(Review) The Masterpiece by Francine Rivers

It has been several years since I’ve read a book by Francine Rivers. I am not a big reader of Christian fiction. Every once in a while a title or book cover will entice me. I’ve read a few reviews on The Masterpiece, and placed the book on my to be read list. I have mixed feelings about the book. On one hand it has an interesting synopsis. On the other hand it did not capture me as I’d wanted.

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Publisher and Publication Date: Large print edition published by Thorndike Press, a part of Gale, a Cengage Company. Tyndale House Publishers holds the publishing rights. February 6, 2018.
Genre: Christian Fiction.
Pages: 512.
Source: Library.
Rating: Good.

Amazon

This is the first large print edition I’ve read. It is hardcover. It is 16 point. The type-font style is plantin. It is unabridged. It is a just the “story” kind of book. No extra fluff.

Summary:
Grace Moore is a single mom living in Burbank, California. She and her baby son live with Selah and Ruben and their children. At one time, Grace had considered letting them adopt her baby. Grace has not signed the adoption papers, but continues to live with them. They have been supportive of her and have provided a place to live until she can become independent. Grace begins working for an artist as his personal assistant. The job is at his large home in Topanga Canyon, California.
Roman Velasco is an artist. He hires Grace, because she is detail oriented and honest. He has no interest in the domestic side of life.
Both Grace and Roman are hiding painful pasts. Their stories are shared going back and forth in time.

My Thoughts:

What I liked:
1. A main theme in the book is two people who have painful pasts. One character who has become a Christian and is trying to live a new life in Christ Jesus. The other character has no interest or at least no idea what this “new life” in Christ is all about nor do they care. The two people are attracted and intrigued by the other. Both have walls they’ve put up but for different reasons. For a Christian fiction book this is a standard type plot. One character is a Christian and the other is not. How do they work this huge problem out? Is it possible to love and have a permanent relationship with someone who does not believe and worship the same? These questions are what real people have to work out in life.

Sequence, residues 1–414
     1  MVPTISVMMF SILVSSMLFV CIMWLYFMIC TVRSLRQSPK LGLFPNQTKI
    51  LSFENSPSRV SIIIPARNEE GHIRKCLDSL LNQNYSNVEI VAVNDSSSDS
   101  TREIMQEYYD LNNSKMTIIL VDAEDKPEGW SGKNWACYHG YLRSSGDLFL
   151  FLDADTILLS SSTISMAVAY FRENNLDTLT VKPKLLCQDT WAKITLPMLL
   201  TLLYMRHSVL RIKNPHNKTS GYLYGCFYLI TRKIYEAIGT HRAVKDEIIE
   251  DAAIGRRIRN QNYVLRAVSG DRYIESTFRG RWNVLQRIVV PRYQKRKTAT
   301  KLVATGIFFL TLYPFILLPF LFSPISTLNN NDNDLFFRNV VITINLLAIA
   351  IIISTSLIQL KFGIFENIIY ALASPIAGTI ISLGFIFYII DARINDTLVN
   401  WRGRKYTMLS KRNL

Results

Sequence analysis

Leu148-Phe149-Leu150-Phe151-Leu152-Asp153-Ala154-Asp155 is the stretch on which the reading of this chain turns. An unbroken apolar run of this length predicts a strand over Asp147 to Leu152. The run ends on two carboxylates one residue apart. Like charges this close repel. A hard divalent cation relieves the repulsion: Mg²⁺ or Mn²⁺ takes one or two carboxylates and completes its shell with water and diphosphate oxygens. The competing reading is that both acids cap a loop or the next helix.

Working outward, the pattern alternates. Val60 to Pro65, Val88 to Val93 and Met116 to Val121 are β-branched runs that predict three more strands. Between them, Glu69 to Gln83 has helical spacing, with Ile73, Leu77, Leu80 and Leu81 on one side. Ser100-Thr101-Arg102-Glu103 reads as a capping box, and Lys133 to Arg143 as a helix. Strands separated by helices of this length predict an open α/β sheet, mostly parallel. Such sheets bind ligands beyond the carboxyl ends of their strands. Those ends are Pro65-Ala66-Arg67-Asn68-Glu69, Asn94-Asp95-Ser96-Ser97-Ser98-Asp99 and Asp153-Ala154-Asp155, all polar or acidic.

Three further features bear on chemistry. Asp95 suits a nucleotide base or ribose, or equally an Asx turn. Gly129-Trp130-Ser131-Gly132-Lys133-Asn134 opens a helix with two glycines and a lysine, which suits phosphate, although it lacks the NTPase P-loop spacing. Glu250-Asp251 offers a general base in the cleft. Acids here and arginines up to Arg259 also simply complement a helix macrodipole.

2. Roman is a handsome man, he’s virile. I loved it that he is biracial. I have not read another Christian fiction book where this is the characterization of a person. Bravo. Also, to bring a sensuality into the story is wonderful. Christian fiction stays too sterile, and this is not real life. People are drawn to each other physically.
3. Grace is wrestling with doing the right thing with her baby son. The woman who has been helping her is helping too much. This woman is emotionally attached. Through the book, I was anxious to find out what was going to happen in this situation.

What I did not like about the book:
1. The book is lengthy at 512 pages. Let me clarify. I love long stories. I’ve read several Charles Dickens books. I’ve read Les Misérables. I’ve read War and Peace. I’ve read the Bible several times. If I feel a story can be told in less pages, then it should be less pages. This is a story that could have been less pages. However, the book has sold well so obviously this is not a negative point for the buyers of the book.
2. Grace got on my last nerve at times. In some ways she is strong and direct. However, she is loyal to a fault. She has a high tolerance for bad behavior. I understand these are traits of a person who has been abused. I wondered, what if there was a reverse of these traits in the book? What if Grace was the type of character who Roman is and Roman was the type of character Grace was? Another words they swapped. Is it possible the readership or publisher would approve of such a thing? In culture, we want the men to be aggressive and strong, and women are to be weaker (ouch.)

Overall the book is a good and solid story. It is just not an excellent rating for me.

 

 

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